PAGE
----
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2020 Just Hit Different: An Introduction 

The impact of COVID-19 has led to widespread concerns about its unique effects on college students’ mental health. Surveys of college students conducted after March 2020 have repeatedly suggested that distress among college students has increased. Prior to the pandemic, headlines noted how a college student mental health crisis seemed to be taking place at U.S. colleges and universities and labeled Generation Z “the anxious generation.” Texas campuses and their counseling centers in particular were seeing increased, unmet demand from students. A Texas Tribune investigation found that six Texas public universities fell short of the recommended ratio of one mental health counselor to no more than 1,500 students, with ratios as high as 1:3,285. National assessment data showed rising levels of mental health challenges, with rates of students reporting ever being diagnosed with depression increasing by almost 250 percent between 2000 and 2019. The Pandemic laid bare the fragility of the mental health support system and services college students rely on. As much as students struggled to access mental health and counseling services before Covid-19, the gap between need and availability only expanded. This is especially true for students that are Black, Indigenous, and communities of color (BIPOC), lesbian, gay, bisexual, trans, queer, intersex, asexual (LGBTQIA+), immigrant (including undocumented), disabled (taking into account the full spectrum of disabilities), criminalized, homeless/houseless, low-income and parenting while in college. Despite the universal nature of COVID disruptions to students’ lives, marginalized students face additional challenges due to urgent and enduring harms stemming from structural inequities. While many leaders, opinion-makers, and institutions have sought to simply move on from the COVID-19 Pandemic, students in Texas need reforms that last beyond the worst days of the crisis.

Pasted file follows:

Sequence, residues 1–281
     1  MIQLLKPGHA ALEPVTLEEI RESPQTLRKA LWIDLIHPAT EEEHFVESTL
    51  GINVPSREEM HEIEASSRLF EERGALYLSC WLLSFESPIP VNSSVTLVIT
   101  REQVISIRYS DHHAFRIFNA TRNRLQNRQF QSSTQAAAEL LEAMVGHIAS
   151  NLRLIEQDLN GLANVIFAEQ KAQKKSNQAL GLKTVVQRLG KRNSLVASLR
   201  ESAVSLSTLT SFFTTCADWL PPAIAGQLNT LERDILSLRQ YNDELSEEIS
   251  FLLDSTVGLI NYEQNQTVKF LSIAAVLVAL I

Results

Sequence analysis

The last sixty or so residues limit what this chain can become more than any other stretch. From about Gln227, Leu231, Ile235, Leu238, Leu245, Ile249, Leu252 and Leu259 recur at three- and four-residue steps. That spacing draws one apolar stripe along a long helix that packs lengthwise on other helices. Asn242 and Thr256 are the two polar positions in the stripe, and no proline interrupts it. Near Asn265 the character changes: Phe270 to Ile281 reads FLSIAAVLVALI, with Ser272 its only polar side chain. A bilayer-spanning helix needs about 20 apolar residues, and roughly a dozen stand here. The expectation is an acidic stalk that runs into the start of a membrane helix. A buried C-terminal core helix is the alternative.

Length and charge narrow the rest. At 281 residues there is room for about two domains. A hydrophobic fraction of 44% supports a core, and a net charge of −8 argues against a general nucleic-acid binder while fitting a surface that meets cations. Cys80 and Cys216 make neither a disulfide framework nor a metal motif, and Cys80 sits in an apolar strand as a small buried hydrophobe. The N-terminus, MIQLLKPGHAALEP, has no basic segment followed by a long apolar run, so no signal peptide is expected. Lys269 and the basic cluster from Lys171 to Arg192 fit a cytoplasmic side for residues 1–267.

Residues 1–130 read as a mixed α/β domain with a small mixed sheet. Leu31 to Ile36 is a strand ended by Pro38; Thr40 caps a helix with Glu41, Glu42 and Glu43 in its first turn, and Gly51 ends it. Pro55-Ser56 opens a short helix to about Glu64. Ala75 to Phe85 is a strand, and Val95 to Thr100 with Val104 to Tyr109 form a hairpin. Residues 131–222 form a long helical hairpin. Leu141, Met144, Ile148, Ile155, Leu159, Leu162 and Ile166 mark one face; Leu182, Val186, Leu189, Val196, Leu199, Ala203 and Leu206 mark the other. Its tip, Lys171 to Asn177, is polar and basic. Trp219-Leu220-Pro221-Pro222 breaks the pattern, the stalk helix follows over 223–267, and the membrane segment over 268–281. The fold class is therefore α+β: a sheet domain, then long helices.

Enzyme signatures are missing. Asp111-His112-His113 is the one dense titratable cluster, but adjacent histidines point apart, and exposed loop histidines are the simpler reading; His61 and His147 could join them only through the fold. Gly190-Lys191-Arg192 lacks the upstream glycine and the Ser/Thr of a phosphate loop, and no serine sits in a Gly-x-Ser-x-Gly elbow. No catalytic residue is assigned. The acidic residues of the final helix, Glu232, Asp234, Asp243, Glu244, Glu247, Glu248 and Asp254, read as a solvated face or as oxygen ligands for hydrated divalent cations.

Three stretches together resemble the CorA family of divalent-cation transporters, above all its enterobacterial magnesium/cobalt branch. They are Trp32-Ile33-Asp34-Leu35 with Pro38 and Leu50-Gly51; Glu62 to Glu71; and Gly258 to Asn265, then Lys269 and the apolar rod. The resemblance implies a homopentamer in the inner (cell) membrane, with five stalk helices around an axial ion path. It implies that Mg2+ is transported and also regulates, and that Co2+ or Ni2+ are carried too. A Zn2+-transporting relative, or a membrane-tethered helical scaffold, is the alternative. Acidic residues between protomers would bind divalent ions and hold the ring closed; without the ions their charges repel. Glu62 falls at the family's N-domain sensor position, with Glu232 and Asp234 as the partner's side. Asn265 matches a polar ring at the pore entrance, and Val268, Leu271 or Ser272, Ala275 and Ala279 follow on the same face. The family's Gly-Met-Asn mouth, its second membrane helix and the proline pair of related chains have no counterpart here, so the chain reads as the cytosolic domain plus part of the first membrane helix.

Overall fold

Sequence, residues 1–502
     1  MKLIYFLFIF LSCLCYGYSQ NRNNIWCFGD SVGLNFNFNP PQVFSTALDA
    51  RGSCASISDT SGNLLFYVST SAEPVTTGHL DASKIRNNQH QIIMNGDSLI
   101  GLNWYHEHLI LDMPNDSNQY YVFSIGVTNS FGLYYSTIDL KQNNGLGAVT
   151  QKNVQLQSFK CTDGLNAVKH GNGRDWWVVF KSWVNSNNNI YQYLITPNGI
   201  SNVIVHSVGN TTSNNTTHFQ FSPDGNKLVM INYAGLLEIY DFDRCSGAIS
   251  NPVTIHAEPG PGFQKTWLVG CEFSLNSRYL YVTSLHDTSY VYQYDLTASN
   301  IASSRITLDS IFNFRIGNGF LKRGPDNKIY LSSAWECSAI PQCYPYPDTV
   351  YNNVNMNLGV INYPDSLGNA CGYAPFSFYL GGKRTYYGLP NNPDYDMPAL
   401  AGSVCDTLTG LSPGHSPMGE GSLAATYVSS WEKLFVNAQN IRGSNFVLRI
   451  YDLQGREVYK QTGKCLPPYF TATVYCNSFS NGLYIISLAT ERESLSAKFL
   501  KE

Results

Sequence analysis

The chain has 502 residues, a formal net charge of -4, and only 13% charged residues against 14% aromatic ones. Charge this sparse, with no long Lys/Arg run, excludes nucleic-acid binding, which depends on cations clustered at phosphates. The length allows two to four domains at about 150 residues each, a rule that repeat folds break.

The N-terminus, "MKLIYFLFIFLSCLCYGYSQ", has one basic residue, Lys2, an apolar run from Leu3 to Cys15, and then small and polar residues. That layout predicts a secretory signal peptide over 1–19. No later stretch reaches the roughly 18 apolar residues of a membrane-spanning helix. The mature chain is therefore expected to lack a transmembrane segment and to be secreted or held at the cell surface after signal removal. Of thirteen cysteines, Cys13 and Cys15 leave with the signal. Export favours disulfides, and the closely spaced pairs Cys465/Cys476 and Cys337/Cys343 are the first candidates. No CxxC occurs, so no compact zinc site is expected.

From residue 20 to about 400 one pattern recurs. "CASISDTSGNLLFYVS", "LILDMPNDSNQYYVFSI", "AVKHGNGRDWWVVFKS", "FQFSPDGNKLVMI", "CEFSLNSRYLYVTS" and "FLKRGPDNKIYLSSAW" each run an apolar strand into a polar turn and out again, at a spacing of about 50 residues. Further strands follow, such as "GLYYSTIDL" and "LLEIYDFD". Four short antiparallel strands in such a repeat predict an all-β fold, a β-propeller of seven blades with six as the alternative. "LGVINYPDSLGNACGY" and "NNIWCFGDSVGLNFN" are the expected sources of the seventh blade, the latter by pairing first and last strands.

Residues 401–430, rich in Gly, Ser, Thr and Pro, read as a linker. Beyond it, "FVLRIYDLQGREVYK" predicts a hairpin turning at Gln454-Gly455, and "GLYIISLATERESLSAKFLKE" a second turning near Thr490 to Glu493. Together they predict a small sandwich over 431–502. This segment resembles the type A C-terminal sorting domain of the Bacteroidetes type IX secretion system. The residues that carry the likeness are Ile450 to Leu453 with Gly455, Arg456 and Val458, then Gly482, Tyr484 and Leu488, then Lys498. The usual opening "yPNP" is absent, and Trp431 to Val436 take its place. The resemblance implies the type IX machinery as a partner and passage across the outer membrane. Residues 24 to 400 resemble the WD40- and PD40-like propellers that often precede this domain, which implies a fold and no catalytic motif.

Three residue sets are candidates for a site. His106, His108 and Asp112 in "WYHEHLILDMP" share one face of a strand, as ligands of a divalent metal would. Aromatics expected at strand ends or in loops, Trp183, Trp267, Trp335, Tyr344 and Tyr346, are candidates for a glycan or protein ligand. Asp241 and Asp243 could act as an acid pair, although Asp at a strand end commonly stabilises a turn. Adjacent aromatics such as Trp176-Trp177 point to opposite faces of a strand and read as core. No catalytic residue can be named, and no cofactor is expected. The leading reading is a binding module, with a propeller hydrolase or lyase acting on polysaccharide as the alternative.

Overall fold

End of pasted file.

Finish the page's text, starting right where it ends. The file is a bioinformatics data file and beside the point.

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The importance of equitable access to mental health services, community, support networks, and healing must remain ever present in our work. Postsecondary education is a critical time in a young adult’s life and mental health challenges have a negative impact on degree completion and the wellbeing of Texas students. Given the importance of higher education in today’s workforce, this can threaten the economic standing of young Texans for years to come. This policy agenda seeks to start a conversation in Texas on how we can build and strengthen mental health options and resources available and be accountable to impacted students at our colleges and universities. Our agenda was built by looking at resources offered at 80 institutions of higher learning, informational interviews with institutional leadership, and listening sessions with students across the state. Our data gathering revealed that disparities exist in the ways students access services, creating new openings and opportunities to advance new policy priorities for campus mental health prevention and intervention.

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